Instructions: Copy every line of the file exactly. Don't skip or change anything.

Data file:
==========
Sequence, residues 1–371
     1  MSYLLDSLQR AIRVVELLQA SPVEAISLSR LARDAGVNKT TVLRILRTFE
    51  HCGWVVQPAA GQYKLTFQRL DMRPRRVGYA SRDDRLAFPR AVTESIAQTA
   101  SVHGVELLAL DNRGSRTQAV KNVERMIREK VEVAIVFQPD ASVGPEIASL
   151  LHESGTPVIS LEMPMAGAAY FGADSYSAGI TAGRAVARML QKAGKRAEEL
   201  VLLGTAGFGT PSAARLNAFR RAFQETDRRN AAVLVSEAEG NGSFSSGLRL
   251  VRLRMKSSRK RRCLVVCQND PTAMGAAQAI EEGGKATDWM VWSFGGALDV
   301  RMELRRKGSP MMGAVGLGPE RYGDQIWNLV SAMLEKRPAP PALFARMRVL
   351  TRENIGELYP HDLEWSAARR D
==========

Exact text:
Sequence, residues 1–371
     1  MSYLLDSLQR AIRVVELLQA SPVEAISLSR LARDAGVNKT TVLRILRTFE
    51  HCGWVVQPAA GQYKLTFQRL DMRPRRVGYA SRDDRLAFPR AVTESIAQTA
   101  SVHGVELLAL DNRGSRTQAV KNVERMIREK VEVAIVFQPD ASVGPEIASL
   151  LHESGTPVIS LEMPMAGAAY FGADSYSAGI TAGRAVARML QKAGKRAEEL
   201  VLLGTAGFGT PSAARLNAFR RAFQETDRRN AAVLVSEAEG NGSFSSGLRL
   251  VRLRMKSSRK RRCLVVCQND PTAMGAAQAI EEGGKATDWM VWSFGGALDV
   301  RMELRRKGSP MMGAVGLGPE RYGDQIWNLV SAMLEKRPAP PALFARMRVL
   351  TRENIGELYP HDLEWSAARR D